WikiLeaks shrugged off the jailing of its editor-in-chief by publishing a new tranche of secret diplomatic cables yesterday, heaping more embarrassment on the US and some of its closest allies.
After Julian Assange spent his first night behind bars as a remand prisoner in London, his Web site revealed Washington had branded Australia’s ex-prime minister Kevin Rudd as a “mistake-prone control freak” and that the British government was relieved when its Scottish counterparts freed the Lockerbie bomber.
The pressure on WikiLeaks has been steadily mounting, with key sources of funding choked off and Assange having been refused bail.
However, after vowing that it would not be silenced, the site showed its ability to ruffle feathers was unimpaired with its latest revelations.
Rudd, now Australia’s foreign minister, tried to laugh off the confidential assessment by the US embassy in Canberra that he made foreign policy blunders.
Rudd frustrated colleagues by being a “control freak” who was “obsessed with managing the media cycle rather than engaging in collaborative decision making,” extracts of cables published by the Sydney Morning Herald said.
While he was prime minister, he also “deeply offended” Australia’s closest ally in 2008 by aggressively pushing for a meeting with then-president George W. Bush in Washington, only to cancel two days later, the papers showed.
Rudd said the US, not Assange, was to blame for the leak of cables, saying it had a problem with its diplomatic security.
“When you’ve got a quarter of a million cables pecking around out there, and on top of that you have people who have had access in the US system to these sorts of cables in excess of 2 million people, that’s where the core of the problem lies,” Rudd told commercial radio.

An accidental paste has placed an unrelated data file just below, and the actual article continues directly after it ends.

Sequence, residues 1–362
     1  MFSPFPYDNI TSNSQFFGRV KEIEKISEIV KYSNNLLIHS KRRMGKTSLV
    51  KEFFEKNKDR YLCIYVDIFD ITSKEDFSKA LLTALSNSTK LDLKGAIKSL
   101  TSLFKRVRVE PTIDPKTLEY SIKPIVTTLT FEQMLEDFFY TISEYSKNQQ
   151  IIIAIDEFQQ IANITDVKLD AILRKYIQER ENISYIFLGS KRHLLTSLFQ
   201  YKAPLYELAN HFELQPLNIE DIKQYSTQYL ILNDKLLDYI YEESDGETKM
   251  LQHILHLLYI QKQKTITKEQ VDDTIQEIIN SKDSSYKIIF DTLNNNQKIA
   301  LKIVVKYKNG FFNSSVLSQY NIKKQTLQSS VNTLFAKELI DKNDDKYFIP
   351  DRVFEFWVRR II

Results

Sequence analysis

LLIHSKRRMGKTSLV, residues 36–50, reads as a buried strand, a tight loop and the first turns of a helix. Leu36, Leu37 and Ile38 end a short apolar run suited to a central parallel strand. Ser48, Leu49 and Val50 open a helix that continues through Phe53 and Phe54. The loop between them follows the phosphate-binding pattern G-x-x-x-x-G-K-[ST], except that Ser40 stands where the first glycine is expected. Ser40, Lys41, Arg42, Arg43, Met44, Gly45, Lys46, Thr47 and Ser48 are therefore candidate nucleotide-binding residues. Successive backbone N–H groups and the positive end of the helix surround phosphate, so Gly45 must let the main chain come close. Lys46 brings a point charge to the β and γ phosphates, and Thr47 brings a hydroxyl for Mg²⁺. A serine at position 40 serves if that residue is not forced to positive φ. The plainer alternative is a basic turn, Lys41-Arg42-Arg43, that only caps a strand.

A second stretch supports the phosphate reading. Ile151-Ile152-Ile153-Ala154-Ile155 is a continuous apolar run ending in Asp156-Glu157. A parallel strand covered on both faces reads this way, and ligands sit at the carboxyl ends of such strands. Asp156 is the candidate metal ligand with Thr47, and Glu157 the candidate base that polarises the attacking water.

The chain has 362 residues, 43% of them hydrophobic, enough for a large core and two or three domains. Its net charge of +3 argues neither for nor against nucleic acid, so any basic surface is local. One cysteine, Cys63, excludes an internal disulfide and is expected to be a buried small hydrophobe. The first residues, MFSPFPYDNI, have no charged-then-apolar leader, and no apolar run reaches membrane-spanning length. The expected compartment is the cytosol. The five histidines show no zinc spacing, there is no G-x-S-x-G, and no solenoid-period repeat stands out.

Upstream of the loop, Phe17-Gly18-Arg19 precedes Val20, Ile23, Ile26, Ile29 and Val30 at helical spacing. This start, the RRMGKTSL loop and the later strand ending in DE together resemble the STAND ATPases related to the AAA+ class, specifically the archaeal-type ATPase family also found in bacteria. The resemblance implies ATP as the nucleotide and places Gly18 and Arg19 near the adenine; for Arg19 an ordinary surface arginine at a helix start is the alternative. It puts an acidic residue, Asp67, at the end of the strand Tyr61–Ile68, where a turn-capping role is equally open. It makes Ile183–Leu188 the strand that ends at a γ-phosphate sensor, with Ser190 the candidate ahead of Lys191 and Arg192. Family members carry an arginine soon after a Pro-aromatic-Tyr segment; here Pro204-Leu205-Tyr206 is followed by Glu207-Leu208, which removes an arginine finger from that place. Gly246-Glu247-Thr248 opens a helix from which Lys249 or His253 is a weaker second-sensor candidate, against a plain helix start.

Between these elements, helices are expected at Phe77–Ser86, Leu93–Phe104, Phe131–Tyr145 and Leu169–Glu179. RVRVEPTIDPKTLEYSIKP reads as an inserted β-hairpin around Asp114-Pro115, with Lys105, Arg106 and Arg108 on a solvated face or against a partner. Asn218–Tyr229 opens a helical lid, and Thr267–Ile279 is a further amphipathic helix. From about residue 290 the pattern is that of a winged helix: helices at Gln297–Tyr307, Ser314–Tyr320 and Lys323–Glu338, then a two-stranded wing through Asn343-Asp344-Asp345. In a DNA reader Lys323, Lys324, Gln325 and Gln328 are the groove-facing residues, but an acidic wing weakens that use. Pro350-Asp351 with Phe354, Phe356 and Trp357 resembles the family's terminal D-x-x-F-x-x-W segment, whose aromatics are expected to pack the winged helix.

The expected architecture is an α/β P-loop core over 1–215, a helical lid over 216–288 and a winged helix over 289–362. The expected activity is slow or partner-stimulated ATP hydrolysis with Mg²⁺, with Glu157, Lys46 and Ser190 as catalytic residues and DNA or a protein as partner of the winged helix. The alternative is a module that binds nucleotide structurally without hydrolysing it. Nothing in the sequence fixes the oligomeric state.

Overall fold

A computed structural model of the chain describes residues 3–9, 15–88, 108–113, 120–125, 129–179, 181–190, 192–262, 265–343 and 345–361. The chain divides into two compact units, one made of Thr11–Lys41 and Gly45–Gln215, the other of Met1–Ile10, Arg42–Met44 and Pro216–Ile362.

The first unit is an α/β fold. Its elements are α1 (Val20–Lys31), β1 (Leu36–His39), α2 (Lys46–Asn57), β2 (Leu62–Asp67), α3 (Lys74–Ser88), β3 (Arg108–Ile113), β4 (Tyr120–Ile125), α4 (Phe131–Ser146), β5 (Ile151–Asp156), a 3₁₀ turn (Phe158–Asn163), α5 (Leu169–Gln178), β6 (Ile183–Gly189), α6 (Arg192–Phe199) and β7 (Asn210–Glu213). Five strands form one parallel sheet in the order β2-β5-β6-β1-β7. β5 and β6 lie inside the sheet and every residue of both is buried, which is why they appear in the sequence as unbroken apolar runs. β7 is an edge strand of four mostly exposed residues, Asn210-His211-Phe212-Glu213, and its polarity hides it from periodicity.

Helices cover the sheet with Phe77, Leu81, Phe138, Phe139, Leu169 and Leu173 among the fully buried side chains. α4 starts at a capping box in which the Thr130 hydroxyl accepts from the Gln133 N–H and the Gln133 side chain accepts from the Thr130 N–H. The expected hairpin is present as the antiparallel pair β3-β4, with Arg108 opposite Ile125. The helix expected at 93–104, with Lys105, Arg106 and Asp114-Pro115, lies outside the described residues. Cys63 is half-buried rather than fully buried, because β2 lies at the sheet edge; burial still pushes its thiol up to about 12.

There were also potential red faces in Britain whose then Labour government publicly distanced itself from the decision by the devolved Scottish government to free the Lockerbie bomber Abdelbaset Ali Mohmet al-Megrahi last year.
However, dispatches from the US embassy in Tripoli showed that Britain faced threats from Libya of “dire consequences” if al-Megrahi — who is suffering from cancer — died in a Scottish prison.
Among the threats were the cessation of all British commercial activity in Libya and demonstrations against British facilities.
The dispatches also showed the British ambassador in Tripoli “expressed relief” about al-Megrahi’s imminent release.
“They could have cut us off at the knees,” Vincent Fean, the British ambassador, is cited as saying.
And there were also revelations in connection with US ally Saudi Arabia, as cables painted a picture of a buzzing party scene inside princes’ mansions in Jeddah replete with alcohol, drugs and sex.
While Swedish authorities insist the rape case against Assange has nothing to do with WikiLeaks’ revelations, his detention in London added further pressure on the site as its sources of funding are being throttled.
Visa suspended all payments to WikiLeaks on Tuesday, the day after its rival MasterCard Worldwide took a similar step. The banking arm of the Swiss post office has also closed a WikiLeaks account set up by Assange.